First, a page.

Last night’s victory for maverick Republican candidate Donald Trump in the US presidential election is likely to herald an era of heightened political risk internationally, but there are still reasons why the market’s worst fears may not materialise, investment managers say.
Dominic Rossi, global CIO equities at Fidelity International, said: “We are heading into a world of unprecedented political risk that calls into question the pillars of the post-World War II settlement.”
It is no surprise, therefore, that investors are now heading for cover, he said.
“The immediate sense of bewilderment at the shift rightwards in American politics will need to give way to a more sober risk assessment,” he said.
Saker Nusseibeh, chief executive at Hermes, said the assumption was that Trump would listen to advice from professionals in the US State Department when dealing with foreign affairs, even though on the campaign trail he showed a clear willingness to dismiss professional advice.
“Once again, it is not a stretch to imagine Trump in talking to his home constituency might alienate the traditionally supportive Gulf nations with his Islamophobic comments,” he said.
This might in turn strengthen Iran’s influence in the region, which could threaten regional stability and therefore the oil price, he said.
“Likewise, Trump’s anti-NATO and pro-Vladimir Putin comments could be taken, if repeated when he is in power, as a green light by the Russian president to intensify its revanchist foreign policy in Eastern Europe,” he said.
This, according to Nusseibeh, could lead to rising risk premia for European assets.
The biggest risk, according to Neuberger Berman president and equities CIO Joe Amato and the firm’s multi-asset class CIO Erik Knutzen, is that Trump tries to turn some of the more populist rhetoric of his campaign into reality.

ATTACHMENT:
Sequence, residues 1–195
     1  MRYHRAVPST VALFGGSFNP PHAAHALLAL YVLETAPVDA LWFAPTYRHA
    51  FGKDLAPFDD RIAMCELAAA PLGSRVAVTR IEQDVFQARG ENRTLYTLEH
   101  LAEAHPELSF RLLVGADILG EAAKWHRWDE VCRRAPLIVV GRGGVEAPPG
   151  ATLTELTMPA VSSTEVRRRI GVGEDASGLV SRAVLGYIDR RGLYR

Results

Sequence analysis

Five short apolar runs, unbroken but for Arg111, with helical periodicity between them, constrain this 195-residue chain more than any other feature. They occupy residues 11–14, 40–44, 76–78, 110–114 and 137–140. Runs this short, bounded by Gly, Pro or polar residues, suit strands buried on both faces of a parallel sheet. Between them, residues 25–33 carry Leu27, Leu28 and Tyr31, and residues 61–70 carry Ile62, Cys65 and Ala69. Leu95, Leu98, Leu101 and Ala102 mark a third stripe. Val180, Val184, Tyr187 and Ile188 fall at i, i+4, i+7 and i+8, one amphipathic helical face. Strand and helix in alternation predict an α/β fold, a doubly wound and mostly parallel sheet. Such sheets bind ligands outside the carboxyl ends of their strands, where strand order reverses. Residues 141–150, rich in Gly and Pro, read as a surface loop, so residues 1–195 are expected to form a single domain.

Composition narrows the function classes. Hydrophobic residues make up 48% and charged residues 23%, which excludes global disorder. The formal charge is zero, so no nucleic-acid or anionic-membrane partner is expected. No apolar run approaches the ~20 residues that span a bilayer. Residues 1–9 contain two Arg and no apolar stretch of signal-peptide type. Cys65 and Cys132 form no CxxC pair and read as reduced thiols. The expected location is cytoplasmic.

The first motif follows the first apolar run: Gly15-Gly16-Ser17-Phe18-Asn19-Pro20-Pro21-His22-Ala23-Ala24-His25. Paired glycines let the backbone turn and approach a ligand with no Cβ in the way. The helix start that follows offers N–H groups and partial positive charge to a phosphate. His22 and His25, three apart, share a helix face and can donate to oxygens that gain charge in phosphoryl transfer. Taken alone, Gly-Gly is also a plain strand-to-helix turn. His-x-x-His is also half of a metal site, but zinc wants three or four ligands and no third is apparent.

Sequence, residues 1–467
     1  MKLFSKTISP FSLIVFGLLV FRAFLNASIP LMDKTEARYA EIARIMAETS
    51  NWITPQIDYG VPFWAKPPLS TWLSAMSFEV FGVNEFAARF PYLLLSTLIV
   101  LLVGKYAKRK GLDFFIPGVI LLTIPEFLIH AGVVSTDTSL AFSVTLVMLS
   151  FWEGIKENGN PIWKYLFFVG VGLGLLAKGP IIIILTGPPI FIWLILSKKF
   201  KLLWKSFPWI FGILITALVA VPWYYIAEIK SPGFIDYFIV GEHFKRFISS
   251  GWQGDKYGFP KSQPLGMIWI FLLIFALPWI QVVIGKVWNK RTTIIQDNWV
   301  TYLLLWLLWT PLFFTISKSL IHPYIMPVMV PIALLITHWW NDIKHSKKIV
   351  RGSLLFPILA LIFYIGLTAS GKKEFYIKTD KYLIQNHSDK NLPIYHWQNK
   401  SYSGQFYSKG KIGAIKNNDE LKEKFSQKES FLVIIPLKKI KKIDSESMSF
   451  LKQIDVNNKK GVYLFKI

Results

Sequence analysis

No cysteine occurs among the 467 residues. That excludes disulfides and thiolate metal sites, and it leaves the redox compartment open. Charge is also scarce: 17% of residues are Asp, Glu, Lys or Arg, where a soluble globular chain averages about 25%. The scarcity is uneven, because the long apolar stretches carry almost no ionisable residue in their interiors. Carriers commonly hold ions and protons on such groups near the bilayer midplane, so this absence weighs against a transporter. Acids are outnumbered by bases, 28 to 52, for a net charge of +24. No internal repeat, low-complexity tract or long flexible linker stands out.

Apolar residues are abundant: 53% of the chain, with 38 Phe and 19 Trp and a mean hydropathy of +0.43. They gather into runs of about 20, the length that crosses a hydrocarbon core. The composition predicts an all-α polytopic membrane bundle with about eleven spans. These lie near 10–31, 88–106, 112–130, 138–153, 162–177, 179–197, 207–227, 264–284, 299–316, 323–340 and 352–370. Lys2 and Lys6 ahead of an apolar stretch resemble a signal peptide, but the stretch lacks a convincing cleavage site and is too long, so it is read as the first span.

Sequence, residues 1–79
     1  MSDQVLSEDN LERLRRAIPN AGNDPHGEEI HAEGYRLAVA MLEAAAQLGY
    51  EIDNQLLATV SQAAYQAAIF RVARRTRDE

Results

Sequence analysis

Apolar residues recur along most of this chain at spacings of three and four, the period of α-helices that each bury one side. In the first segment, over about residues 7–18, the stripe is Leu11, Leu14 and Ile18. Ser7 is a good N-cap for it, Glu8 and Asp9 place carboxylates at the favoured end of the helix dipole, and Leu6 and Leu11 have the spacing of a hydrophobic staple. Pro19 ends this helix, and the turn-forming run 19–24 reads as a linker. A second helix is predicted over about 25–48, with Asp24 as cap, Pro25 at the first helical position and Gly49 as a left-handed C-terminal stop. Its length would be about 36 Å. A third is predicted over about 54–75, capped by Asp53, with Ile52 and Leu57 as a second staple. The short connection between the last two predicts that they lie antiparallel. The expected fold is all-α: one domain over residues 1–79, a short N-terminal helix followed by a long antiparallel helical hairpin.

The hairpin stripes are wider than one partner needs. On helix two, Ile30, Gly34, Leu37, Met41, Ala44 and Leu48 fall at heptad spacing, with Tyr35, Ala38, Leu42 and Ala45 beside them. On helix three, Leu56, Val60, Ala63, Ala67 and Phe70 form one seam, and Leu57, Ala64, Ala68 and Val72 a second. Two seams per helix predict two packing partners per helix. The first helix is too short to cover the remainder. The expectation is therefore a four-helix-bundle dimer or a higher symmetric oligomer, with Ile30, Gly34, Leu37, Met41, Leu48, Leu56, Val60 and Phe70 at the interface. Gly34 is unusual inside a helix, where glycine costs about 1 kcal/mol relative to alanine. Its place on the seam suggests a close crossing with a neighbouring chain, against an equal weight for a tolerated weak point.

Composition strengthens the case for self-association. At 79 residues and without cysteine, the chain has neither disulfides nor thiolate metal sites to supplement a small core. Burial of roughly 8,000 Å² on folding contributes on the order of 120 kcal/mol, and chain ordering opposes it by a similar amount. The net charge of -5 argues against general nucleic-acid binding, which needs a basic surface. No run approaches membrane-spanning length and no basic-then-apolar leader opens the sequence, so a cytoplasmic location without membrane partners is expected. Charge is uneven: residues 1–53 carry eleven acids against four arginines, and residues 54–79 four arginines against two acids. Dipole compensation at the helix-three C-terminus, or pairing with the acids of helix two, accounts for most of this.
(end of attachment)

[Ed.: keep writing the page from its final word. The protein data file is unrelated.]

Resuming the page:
“Whoever emerged victorious,” they said, “the forces that have led to the rise of the likes of Trump, Sanders, Farage in the UK, Le Pen in France and Wilders in the Netherlands are not going away – and partisan shouting matches, assaults on free trade, an interventionist approach to unsustainable industries and a disregard for the financial robustness of the US are not viable solutions.”
They added: “The result could be a tug of war between the deflationary forces associated with lower economic activity and the inflationary forces from higher trade barriers.”
There are now likely to be more votes against the establishment in upcoming elections and referendums taking place across Europe, according to Martin Gilbert, chief executive of Aberdeen Asset Management.
Markets will settle down in time, however, and this is a time for a calm head when looking at markets, he said.
“Trump will not become president until January and between now and then it will become clearer what a Trump presidency will look like.
“His acceptance speech was inclusive and will hopefully help allay some investor fears,” Gilbert said.
But David Bertocchi, head of global equities at Barings, said the surprise Trump win marked a rare occasion in politics where uncertainty was now likely to increase rather than fall post-election.
“For the United States, such a situation is unprecedented,” he said.
“Trump’s contentious and anti-establishment campaign has frayed political alliances, which will make it difficult to muster the congressional support needed to advance his policy proposals for a more protectionist and isolationist US.”
David Lloyd, head of institutional fixed income portfolio management at M&G Investments, noted that many commentators had argued that Russia and China’s assertiveness on the world stage had been caused by – or at least coincided with – the US withdrawing somewhat under president Barack Obama, from its previous foreign policy stance of projecting US power and influence around the world.
“So, a further move towards an isolationist US – perhaps reflected in less-than-convincing commitment to NATO obligations, or a scaling back of US overseas troop deployments – may actually embolden leaderships elsewhere,” he warned.